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OTT’s eastern promise

Kate BulkleyOver-the-top distribution is the new normal and the days of launching conventional linear TV channels may be numbered, writes Kate Bulkley.

The appetite for buying bundles of channels hasn’t yet gone away – look no further than companies including AMC Networks, Discovery and Scripps Networks Interactive, which continue to acquire (and also launch) channels in order to grow their reach – but the days of launching conventional linear TV channels may be numbered. For content providers, ‘doing a Netflix’ is starting to look like the new normal.

In the US, launches of OTT services not tied to a customer’s existing pay TV subscription have come thick and fast, with the likes of Sony’s PlayStation Vue service offering a less-expensive alternative and pay TV operator DISH is also offering its own OTT offer. Sky in the UK meanwhile offers Now TV as an online alternative to its traditional pay TV service. In the last few months the mama bear of all premium pay services, HBO, has launched HBO Now, an OTT offer in the US that goes one step further than HBO Go, which is tied into an existing pay TV subscription. OTT leader Netflix’s boss Reed Hastings doesn’t think that all these new offers are a threat to his business. Rather he sees them as validating the Netflix model.

Internationally, the latest to embrace the streaming subscription model is Starz, the US premium service known for original commissions Spartacus and Outlander. It launched its first international service online in April across the Middle East and North Africa under the name Starz Play Arabia.

Starz Play has pre-empted Netflix in the region and will compete with regional satellite pay TV operator rival OSN not to mention hundreds of free to air channels that cover the many countries from Morocco to Saudi Arabia.

The focus for Starz Play Arabia will be on the oil-rich Gulf states but also on the large number of younger viewers in the region who both for technology and social and cultural reasons prefer to stream services to their personal devices on demand rather than subscribe to linear, scheduled channels.

“The population across the 17 countries we are targeting is very young and very mobile (device) focused,” says Isabelle Mitsch, Starz Play senior vice president of acquisitions who was at the recent MIPTV programming market in Cannes. “There is a very strong free-to-air and pay TV offer in the area but it is high priced. We are focusing on a lower hurdle in price point.” Starz will sell its monthly service at US$13.99 (e13) versus US$80.00 to US$120.00 a month charged by OSN. The price is important but perhaps more so is the focus on mobile and on-demand, which has been the sine qua non of Netflix’s success.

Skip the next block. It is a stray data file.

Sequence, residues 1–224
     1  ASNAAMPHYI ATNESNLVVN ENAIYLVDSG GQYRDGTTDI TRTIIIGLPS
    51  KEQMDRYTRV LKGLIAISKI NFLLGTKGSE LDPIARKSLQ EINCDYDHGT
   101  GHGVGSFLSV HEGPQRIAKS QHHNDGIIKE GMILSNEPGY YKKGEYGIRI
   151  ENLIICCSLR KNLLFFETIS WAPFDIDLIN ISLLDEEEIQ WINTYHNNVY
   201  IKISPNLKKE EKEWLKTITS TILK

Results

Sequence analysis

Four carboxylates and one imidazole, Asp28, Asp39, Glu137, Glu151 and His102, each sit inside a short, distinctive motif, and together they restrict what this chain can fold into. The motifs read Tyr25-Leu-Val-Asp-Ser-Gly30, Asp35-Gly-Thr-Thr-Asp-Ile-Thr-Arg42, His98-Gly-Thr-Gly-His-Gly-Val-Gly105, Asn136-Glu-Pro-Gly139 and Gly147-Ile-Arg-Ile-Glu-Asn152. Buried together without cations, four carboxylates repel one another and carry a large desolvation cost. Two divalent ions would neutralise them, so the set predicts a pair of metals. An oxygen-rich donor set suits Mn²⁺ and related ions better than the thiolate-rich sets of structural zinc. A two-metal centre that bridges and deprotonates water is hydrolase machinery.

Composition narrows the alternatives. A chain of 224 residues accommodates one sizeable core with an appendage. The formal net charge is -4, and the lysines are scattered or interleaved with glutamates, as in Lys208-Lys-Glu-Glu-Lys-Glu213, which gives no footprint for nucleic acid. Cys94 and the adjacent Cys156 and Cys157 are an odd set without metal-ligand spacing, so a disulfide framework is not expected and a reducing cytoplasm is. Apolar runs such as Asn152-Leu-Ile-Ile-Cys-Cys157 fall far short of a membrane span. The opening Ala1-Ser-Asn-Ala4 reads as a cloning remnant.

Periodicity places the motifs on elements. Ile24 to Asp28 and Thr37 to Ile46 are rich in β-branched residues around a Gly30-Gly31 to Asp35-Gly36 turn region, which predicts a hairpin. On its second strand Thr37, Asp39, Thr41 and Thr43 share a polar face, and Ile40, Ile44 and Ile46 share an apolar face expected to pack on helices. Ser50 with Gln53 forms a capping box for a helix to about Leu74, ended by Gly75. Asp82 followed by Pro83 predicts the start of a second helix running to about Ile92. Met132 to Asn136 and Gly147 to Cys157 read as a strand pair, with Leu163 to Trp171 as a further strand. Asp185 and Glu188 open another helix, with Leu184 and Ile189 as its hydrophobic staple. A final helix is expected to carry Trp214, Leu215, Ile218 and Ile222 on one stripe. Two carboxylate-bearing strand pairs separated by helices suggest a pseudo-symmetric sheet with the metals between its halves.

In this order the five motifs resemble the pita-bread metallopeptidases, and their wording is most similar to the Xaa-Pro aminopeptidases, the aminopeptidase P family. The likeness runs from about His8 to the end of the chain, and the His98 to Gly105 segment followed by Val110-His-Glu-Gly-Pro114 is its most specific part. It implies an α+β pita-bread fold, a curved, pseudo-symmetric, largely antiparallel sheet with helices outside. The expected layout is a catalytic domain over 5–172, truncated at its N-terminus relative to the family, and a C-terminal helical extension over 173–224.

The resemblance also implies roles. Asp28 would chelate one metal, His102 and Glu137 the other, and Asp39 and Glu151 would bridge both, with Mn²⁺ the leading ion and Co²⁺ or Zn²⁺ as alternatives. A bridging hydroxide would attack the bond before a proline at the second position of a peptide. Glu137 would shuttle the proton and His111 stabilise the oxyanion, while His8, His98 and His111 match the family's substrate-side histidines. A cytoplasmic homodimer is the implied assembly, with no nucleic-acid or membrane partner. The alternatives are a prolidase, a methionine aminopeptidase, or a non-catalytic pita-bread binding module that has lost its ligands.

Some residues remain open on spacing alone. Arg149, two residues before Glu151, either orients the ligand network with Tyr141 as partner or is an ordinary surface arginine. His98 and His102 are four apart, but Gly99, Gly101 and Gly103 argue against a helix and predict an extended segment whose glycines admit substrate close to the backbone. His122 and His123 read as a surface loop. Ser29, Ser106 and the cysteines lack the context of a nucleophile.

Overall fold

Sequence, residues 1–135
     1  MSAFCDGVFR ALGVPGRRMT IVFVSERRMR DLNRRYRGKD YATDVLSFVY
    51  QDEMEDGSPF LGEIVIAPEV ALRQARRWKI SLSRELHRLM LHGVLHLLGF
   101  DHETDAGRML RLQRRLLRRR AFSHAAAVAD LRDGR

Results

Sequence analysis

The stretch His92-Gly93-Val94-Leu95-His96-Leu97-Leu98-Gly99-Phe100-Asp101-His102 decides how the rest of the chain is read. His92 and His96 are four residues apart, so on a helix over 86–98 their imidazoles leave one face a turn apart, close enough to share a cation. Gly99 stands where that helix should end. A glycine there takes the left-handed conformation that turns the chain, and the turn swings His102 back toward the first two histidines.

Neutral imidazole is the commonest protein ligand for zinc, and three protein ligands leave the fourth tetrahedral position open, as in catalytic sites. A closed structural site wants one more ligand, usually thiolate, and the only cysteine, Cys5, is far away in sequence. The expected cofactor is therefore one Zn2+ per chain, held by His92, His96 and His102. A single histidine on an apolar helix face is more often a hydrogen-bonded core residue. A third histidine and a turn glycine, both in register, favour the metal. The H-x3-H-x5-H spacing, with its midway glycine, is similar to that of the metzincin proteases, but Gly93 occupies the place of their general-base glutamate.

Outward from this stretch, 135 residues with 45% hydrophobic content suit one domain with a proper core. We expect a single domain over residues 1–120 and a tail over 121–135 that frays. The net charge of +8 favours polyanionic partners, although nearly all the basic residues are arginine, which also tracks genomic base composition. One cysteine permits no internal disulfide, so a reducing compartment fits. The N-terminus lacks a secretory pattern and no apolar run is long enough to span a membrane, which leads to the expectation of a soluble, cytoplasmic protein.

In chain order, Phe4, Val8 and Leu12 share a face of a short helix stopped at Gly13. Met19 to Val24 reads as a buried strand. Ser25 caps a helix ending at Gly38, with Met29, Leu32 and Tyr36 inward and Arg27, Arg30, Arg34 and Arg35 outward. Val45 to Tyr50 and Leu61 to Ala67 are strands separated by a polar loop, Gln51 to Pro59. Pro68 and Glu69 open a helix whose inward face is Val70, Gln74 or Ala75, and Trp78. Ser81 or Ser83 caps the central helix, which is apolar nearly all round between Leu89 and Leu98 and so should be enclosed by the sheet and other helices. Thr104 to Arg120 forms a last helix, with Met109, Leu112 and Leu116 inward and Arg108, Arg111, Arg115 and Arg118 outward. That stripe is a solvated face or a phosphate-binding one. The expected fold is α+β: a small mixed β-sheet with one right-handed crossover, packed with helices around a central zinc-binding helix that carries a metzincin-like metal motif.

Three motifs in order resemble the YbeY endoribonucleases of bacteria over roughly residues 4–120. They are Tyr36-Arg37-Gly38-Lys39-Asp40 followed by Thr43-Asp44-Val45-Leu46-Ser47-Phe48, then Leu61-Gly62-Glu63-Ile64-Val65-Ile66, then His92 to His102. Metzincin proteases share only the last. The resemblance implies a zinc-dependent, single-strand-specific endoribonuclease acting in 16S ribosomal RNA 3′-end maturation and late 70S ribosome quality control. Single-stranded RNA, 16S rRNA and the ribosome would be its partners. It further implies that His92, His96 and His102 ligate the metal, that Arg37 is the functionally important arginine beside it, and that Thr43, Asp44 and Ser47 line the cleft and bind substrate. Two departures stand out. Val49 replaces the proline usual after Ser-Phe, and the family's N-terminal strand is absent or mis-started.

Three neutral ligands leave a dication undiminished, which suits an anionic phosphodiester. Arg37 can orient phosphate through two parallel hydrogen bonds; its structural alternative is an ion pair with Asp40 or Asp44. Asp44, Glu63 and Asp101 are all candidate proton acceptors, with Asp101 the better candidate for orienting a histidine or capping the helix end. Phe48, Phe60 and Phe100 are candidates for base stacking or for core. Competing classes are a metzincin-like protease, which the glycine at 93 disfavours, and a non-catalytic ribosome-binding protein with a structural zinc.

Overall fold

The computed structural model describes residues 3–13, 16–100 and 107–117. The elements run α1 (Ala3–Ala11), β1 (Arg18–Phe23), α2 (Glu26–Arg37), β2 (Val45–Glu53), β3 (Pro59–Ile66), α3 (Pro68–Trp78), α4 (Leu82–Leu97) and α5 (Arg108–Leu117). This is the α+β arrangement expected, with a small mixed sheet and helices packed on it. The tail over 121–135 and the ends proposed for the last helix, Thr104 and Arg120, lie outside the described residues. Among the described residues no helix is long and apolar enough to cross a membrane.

But there is a risk to OTT services in markets like MENA where the appetite for OTT may outpace the ability to deliver it. Starz CEO Chris Albrecht is hedging his bets with the launch, working with longtime pay TV executive Peter Ekelund’s Parsifal Entertainment and former MGM boss Gary Marenzi as equity partners in the new service. Starz is rumoured to have only taken a 30% stake.

Albrecht is the former CEO of HBO, so he is very familiar with how HBO has tackled its international expansion, that is by launching traditional branded pay channels in some international territories as well as licensing its lineup of original commissions like Game of Thrones to established pay TV players like Sky, which uses the HBO shows to create its Sky Atlantic channel. Ekelund’s Parsifal was also behind the launch of HBO Nordic in Scandinavia, which was beset with technology problems and also had to fight against both Netflix and Viaplay, a rival offering from the Modern Times Group. The early teething problems seem to be fixed now at HBO Nordic but it is a competitive market so Parsifal is happy to be launching Starz Play in advance of Netflix in the Middle East region.

MENA is a cash-based region so scratch cards and pre-pay cards like those used for mobile phone top ups are the future, according to Mitsch. The company is also focused on making its 3,000 pieces of content accessible, subtitling its TV and movies and dubbing for programmes for younger audiences.

It won’t all be smooth sailing but the validation of the OTT model by traditional pay and free TV operators means there is no going back. Ovum research forecasts that global subscribers to online streaming services will top 100 million in 2015 with 77 million more added by 2019. As services grow there will be pressure to forgo the regional selling of content rights especially as people get savvier with circumventing geo-blocking of content by using virtual private networks (VPNs).

OTT leader Netflix’s next big push is to shake up the programming rights market. To that end the company recently revamped its content acquisition team not by region as is traditional in TV buying, but by genre with the focus on acquiring global rights to shows and commissioning for a global footprint. This sounds pretty revolutionary if you come from the traditional TV business, but to the digitally savvy generation, not so much.

Kate Bulkley is a broadcaster and writer specialising in media and telecommunications. [email protected]

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